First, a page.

fy08 sherm metrics based performance summary n.
Download
Skip this Video
Download Presentation
FY08 SHERM Metrics-Based Performance Summary

Loading in 2 Seconds...

play fullscreen
1 / 29

FY08 SHERM Metrics-Based Performance Summary - PowerPoint PPT Presentation


  • 74 Views
  • Uploaded on

FY08 SHERM Metrics-Based Performance Summary. Indicators of Performance in the Areas of Losses, Compliance, Finances, and Client Satisfaction. Overview. The objective of this report is to provide a metrics-based review of SHERM operations in FY08 in four key areas:

loader
I am the owner, or an agent authorized to act on behalf of the owner, of the copyrighted work described.
capcha
Download Presentation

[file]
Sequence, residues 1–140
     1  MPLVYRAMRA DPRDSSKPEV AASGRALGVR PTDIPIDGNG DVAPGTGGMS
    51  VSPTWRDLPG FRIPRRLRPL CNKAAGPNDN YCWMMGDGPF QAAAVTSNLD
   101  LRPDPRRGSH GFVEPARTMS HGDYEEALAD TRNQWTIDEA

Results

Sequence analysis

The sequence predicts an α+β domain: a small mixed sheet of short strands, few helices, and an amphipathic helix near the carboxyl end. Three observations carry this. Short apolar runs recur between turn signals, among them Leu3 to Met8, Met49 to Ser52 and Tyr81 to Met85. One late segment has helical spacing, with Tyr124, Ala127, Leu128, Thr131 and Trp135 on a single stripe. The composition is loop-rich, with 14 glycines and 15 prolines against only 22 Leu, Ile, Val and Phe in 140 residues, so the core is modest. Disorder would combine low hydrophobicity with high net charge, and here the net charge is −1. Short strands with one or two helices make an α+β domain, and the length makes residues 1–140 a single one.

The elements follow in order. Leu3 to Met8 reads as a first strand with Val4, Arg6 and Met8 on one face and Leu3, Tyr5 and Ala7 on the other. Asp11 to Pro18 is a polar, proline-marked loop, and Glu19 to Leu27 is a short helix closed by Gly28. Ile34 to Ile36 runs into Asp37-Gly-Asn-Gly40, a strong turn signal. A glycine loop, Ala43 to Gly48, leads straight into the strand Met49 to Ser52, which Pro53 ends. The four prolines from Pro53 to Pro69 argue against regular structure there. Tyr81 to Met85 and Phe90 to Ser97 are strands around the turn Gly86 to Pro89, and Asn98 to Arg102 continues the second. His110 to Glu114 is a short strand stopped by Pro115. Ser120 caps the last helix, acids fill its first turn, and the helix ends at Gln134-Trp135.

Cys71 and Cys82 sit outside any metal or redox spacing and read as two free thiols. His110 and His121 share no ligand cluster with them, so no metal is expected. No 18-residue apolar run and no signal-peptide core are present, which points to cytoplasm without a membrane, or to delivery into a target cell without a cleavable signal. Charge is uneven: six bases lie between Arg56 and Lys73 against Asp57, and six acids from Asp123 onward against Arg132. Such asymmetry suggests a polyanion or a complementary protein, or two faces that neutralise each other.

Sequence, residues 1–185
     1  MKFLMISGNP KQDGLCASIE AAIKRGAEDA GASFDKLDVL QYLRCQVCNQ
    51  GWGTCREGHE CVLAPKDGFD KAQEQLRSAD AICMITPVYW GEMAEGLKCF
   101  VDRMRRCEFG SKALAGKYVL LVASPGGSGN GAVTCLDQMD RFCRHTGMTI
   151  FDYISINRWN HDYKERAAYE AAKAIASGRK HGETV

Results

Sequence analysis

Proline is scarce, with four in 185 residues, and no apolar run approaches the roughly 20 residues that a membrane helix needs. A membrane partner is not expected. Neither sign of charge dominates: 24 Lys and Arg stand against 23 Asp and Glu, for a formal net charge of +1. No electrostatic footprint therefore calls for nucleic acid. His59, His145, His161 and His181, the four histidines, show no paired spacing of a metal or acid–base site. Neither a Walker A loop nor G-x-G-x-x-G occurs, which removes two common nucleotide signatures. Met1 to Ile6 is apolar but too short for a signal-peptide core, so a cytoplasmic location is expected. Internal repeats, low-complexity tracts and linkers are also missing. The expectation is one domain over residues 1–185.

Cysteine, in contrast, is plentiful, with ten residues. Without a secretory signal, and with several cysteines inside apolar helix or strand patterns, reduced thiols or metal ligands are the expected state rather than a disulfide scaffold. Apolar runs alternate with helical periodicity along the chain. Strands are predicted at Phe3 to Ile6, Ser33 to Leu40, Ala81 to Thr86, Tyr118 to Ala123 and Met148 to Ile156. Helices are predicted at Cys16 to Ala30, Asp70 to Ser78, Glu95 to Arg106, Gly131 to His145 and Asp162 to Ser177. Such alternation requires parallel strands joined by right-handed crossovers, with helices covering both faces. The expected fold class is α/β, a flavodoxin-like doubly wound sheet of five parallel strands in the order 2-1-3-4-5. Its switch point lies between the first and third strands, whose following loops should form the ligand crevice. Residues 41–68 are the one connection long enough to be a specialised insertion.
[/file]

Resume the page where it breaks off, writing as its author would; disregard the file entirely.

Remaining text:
PowerPoint Slideshow about 'FY08 SHERM Metrics-Based Performance Summary' - wang-maxwell


Download Now An Image/Link below is provided (as is) to download presentation

Download Policy: Content on the Website is provided to you AS IS for your information and personal use and may not be sold / licensed / shared on other websites without getting consent from its author.While downloading, if for some reason you are not able to download a presentation, the publisher may have deleted the file from their server.


- - - - - - - - - - - - - - - - - - - - - - - - - - E N D - - - - - - - - - - - - - - - - - - - - - - - - - -
Presentation Transcript
fy08 sherm metrics based performance summary

FY08 SHERM Metrics-Based Performance Summary

Indicators of Performance in the Areas of

Losses, Compliance, Finances, and Client Satisfaction

overview
Overview
  • The objective of this report is to provide a metrics-based review of SHERM operations in FY08 in four key areas:

Losses Compliance

Personnel With external agencies